By Tara Lane, Staff Writer
“The recession has been a painful ‘rite of passage‘ that has caused people to re-evaluate themselves and what they want out of life,” said Robbie Blinkoff, founder of the Baltimore-based Context-Based Research Group. Without question, the recession taught us early on that “less is more.” In our “want vs. need” world, we’re now focusing less on wants and more on needs – even if we have the means to get those “wants.” Individuals and businesses alike are maximizing their efforts through eliminating clutter, using digital tools to get the best bang for their buck and fitting more education into less time.
Three-Year Degrees – As college costs continue to rise in both the private and public sectors, many students are seeking a unique solution such as graduating college in three years or less. Though they sacrifice one less year of growth, education and friendships, students are saving tens of thousands of dollars by opting out of a fourth year and pushing themselves harder in the time they do have on campus. In the end, students are able to get their foot in the door at an earlier age, or take some extra time off for travel or graduate school preparation. “It’s not just another year they don’t have to pay; it’s also another year to earn,” said Barbara Brittingham, director of the higher education commission for the New England Association of Schools and Colleges told the Boston Globe. Colleges and universities are making this easier, offering specific programs and graduation plans for students seeking this route.
Comparison Shopping – Electronics giant Best Buy is well known for its Price Match Guarantee Policy. Best Buy matches the price of competitors if it is less than offered by the big box store. Now, more stores are offering similar deals; Sears, Lowes, Walmart and Staples are just a few examples of other retailers with price matching policies. These retailers help consumers be maximizers, and encourage them to do their homework to find the best deals. Online sites such as Snipi and NexTag help consumers find the best online deals, so nobody has to visit hundreds of sites to find the lowest price. Snipi has a convenient iPhone app, for easier decision-making wherever you are.
Beyond Clutter — We are so consumed by stuff. Before MP3 players, we had hundreds of CDs, tapes and for some, records. More and more consumers are buying experiences more than just stuff. For instance, Lala.com offers an alternative to buying tons of CDs, or the Kindle offers a clutter-free alternative to books. In many ways, de-cluttering is cathartic and liberating as we seek to maximize the space around us.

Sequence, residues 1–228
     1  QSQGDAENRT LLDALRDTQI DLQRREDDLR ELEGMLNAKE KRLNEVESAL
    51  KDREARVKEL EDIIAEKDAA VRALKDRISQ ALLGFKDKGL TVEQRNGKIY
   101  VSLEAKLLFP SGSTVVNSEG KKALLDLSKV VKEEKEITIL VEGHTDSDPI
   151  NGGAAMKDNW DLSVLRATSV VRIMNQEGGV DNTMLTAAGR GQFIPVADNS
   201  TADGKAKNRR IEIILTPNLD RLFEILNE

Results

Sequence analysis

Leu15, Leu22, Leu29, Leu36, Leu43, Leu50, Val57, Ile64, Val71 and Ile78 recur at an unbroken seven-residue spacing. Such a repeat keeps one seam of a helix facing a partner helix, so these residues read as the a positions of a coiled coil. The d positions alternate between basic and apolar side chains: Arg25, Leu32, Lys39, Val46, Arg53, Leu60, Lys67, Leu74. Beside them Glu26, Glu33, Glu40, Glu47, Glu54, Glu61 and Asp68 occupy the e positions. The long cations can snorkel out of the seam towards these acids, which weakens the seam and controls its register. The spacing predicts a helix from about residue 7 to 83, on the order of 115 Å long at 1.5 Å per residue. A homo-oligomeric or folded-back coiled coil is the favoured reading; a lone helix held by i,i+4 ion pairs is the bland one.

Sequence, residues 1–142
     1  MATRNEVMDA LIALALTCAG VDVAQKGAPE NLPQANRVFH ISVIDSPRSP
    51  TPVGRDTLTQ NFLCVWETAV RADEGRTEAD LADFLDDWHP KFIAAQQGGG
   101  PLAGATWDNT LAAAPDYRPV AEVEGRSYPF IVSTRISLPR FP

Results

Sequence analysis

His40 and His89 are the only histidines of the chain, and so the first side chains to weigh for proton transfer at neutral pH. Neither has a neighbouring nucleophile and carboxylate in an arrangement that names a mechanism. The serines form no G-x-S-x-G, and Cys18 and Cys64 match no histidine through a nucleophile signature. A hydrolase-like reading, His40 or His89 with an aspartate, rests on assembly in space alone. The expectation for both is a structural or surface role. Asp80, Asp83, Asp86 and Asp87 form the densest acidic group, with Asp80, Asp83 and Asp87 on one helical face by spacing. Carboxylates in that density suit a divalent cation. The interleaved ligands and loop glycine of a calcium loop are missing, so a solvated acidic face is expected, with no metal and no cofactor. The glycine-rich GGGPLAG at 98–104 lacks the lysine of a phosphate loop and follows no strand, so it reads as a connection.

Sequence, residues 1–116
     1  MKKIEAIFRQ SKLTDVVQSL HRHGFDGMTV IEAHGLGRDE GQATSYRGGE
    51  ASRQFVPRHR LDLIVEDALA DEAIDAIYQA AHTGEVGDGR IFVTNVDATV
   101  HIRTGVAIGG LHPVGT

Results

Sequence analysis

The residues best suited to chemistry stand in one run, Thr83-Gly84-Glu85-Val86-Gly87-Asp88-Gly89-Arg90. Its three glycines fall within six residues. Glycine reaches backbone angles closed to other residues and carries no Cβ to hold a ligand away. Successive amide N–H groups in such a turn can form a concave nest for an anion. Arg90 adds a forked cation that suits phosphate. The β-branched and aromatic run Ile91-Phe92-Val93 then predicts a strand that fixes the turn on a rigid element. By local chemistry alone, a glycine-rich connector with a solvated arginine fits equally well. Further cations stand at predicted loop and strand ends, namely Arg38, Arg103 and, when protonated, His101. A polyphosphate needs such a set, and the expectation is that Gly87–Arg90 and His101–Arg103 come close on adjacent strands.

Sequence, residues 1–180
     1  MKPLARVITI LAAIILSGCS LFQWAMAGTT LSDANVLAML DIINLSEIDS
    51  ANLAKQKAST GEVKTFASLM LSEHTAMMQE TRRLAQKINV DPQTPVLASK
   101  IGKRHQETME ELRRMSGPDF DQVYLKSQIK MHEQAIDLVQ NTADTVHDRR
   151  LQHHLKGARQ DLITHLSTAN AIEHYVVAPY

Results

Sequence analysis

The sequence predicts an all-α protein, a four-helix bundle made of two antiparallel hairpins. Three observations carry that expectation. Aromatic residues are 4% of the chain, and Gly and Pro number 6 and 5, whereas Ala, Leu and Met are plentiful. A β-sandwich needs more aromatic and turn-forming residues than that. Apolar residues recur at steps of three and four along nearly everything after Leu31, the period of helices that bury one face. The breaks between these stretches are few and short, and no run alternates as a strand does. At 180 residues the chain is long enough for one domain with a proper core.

- More than 17 million people per month use NexTag to research, compare, and save on products and services online
- A recent survey done by Harris Interactive found that 37 percent of adults say they will increase their use of coupons in a recessionary period.
- Pay-as-you-go cell phone provider Boost Mobile recently began to offer an unlimited plan with a flat monthly fee; the change brought in more than 600,000 customers in less than three months.
Luxury is not always about price. Sometimes luxury can be about freedom; freedom from clutter. It can be about a free shared experience instead of status bling. For instance, the music site last.fm provides free radio with premium music coupled with community sharing. Users can discover new music and share opinions about it with other like-minded aficionados.
Now, we get more joy in saving the money we have than in spending it. Consumers have become more in tune with the state of the economy and their personal economies as well. Brand strategist Matt Sinacori, “The biggest mainstream trend I see is Sustained Frugality. Coming out of the recession, the notion of doing more with less is no longer a short-term survival mechanism, but a sustainable mantra for most. As Americans try to pay down their ‘personal balance sheets,’ you’ll see fewer displays of overt overindulgence … hip-hop stars raving about their bling, yachts, and private jets will lose their appeal. Even the affluent will be more pragmatic with their personal spending in an era where it’s socially acceptable for anyone of any means to be seen shopping at Walmart or driving a Hyundai Sonata.” The recession has made “value” fashionable. Consider Target’s ad targeted towards “frugalistas.”
- Craigslist expands beyond local communities and connects buyers and sellers from around the country
- Walmart, known for its low prices will team with well-known brands to offer luxury products at discounted prices
- Retail stores will offer convenient in-store comparison shopping stations, challenging all stores to lower prices and become more competitive
Who’s On Trend
- Best Buy
Image by Tanya from Stock.Xchng